“ Now I hear the brethren say when they are in a meeting, "I feel that the Lord is here."  I go into the laboratory, look into a microscope, see cells under my eyes, see cells working there, and I say "God is here working."  I cannot see how God's Spirit is separate from His presence.  Now you see I don't mean the Lord Himself is here; I mean His Spirit is here.  It is all right as far as I am concerned.  All I wanted to explain in Living Temple was that this work that is going on in the man here is not going on by itself like a clock wound up, but it is the power of God and the Spirit God that is carrying it on.


Now, I thought I had cut out entirely the theological side of questions of the trinity and all that sort of things.  I didn't mean to put it in at all, and I took pains to state in the preface that I did not.  I never dreamed of such a thing as any theological question being brought into it.  I only wanted to show that the heart does not beat of its own motion but that it is the power of God that keeps it going”.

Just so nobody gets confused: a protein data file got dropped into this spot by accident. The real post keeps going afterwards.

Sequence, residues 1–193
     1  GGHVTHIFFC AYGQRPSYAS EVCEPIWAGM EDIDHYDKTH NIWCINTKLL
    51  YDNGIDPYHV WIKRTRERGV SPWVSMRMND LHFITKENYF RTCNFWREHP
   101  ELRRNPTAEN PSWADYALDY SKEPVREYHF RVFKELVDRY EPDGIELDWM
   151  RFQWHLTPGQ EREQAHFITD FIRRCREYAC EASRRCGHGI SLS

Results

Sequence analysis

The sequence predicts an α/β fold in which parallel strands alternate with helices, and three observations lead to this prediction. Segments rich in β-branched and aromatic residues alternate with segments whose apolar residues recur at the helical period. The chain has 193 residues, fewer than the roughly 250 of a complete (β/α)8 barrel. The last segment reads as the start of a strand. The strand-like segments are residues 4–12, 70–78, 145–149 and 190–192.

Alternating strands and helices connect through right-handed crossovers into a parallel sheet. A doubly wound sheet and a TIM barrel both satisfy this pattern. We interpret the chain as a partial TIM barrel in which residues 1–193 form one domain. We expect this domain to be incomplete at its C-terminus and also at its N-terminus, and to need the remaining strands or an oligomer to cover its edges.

Kellogg here admits that what he put in his book was ‘the theological side of questions of the trinity and all that sort of things’, but he claims that he never meant to include it. He then went on to say


“Now, Sister White wrote an article and said, "It is wrong to say that God Himself is in the tree."  Now, I didn't intend to say that.  I didn't intend to say that -- that God Himself, the Almighty, separate and distinct from His power, from His Spirit as a separate entity -- that He was in the tree.  I didn't mean to say that.  I meant simply that the Spirit, the power, the intelligence of the Almighty, is being manifested in all these living things that are going on about us”.